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  • From philosophers and historians to poets and scientists alike, love has captured our imagination and curiosity for centuries.

  • Many have experienced the rush of falling in love for the first time,

  • or the deep feelings of love for your children, family, and friends.

  • But what is love from a biological perspective?

  • No doubt it's intertwined with the evolutionary survival of our species.

  • After all, you come from an unbroken line of organisms reproducing from the very first microbe that split in two,

  • to your ancestors who have all successfully mated since the dawn of time.

  • Sadly, if you fail to have children, this perfect streak comes to a halt.

  • But while we're driven to reproduce, we're also driven to make sure our offspring survive.

  • Though we often associate love with the heart, the true magic can be seen inside the brain.

  • It may not be entirely surprising to find out that the brain of somebody in love looks awfully similar to one on cocaine.

  • Cocaine acts on the pleasure centers in the brain by lowering the threshold at which they fire.

  • This means that you feel really good a lot easier.

  • We see the same thing in the brains of those in love, but it's not just the cocaine or the love that makes you feel good.

  • It's the fact that anything you experience will now more easily set off pleasure centers and make you feel good.

  • Because of this, you not only fall in love with the person, but begin to build a romanticized view of the world around you.

  • Interestingly, nearby pain and aversion centers begin to fire less, so you become less bothered by things.

  • Simply put, we love being in love.

  • So what chemicals are at work to make all this happen?

  • Both during orgasm or by simply looking at photos of a loved one, there is a surge of dopamine and norepinephrine from the ventral tegmental area.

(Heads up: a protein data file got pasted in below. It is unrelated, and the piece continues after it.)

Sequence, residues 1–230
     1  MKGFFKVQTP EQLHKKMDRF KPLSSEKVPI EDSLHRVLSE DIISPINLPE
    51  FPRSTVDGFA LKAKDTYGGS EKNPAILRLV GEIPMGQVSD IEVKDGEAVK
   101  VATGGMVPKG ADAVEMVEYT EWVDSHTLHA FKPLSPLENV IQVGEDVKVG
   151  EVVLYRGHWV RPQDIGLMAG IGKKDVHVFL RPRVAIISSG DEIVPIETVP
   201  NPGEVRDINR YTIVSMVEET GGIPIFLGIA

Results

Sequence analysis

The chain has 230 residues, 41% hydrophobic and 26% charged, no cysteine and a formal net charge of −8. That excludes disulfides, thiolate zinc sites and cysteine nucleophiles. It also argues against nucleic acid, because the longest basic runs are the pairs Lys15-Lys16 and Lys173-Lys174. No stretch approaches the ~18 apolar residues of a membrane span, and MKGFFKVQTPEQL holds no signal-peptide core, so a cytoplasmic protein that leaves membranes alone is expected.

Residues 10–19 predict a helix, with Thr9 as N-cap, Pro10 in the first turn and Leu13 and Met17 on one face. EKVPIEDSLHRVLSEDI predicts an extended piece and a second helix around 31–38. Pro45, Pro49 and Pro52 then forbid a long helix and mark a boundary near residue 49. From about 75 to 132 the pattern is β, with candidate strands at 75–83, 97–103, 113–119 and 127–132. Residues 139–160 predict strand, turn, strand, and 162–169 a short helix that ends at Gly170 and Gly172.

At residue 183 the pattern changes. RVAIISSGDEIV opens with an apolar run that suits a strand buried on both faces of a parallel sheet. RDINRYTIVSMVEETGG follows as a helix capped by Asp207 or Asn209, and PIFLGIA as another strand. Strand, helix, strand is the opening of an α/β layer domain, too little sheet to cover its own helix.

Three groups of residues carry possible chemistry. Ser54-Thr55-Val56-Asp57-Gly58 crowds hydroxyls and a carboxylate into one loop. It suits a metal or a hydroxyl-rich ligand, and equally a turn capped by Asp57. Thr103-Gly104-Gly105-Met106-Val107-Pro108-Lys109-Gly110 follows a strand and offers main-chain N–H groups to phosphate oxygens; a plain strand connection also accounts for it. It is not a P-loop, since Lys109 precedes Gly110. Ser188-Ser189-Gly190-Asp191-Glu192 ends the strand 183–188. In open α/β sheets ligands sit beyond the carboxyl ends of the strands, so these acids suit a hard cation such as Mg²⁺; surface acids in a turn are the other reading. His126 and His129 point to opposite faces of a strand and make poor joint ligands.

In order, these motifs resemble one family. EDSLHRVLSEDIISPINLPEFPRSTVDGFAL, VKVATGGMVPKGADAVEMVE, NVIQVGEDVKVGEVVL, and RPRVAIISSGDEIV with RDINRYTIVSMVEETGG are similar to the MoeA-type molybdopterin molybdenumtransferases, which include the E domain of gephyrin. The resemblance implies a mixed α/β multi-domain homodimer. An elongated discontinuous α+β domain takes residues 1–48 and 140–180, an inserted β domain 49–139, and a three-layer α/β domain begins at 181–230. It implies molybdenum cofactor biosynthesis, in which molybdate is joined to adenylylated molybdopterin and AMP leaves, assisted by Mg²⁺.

• This not only triggers sexual arousal and your racing heart, but gives you the motivation, craving, and desire to be with a person more and more.

  • You see, romantic love is not simply an emotion; it's a drive from the motor of the mind.

  • And this motor brings about intense energy, focused attention, and elation.

  • The pleasure centers are part of the brain's reward system: the mesolimbic dopamine system.

  • If you stimulate this region while learning, learning becomes much easier because it's pleasurable and perceived as a reward.

  • We also see a surge in the neuromodulator, oxytocin from the nucleus accumbens, sometimes called the "commitment neuromodulator" because, in mammals, it helps to reinforce bonding or attachment.

  • When prairie voles are injected with either oxytocin or vasopressin, they will instantly find a mate to pair bond with.

  • Finally, studies have shown that people in love have low levels of serotonin, which is similar to people with obsessive-compulsive disorder.

  • This is likely the cause of our obsession and infatuation during early love.

  • Amazingly, these areas associated with intense romantic love can remain active for decades.

  • And while there are many other physiological and psychological components that add to the mix,

  • the truth is, science still knows very little about exactly why or how love works.

  • And yet somehow, we all seem to know it when we feel it.

  • Got a burning question you want answered?

  • Ask it in the comments, or on Facebook and Twitter.

  • And subscribe for more weekly science videos.

From philosophers and historians to poets and scientists alike, love has captured our imagination and curiosity for centuries.

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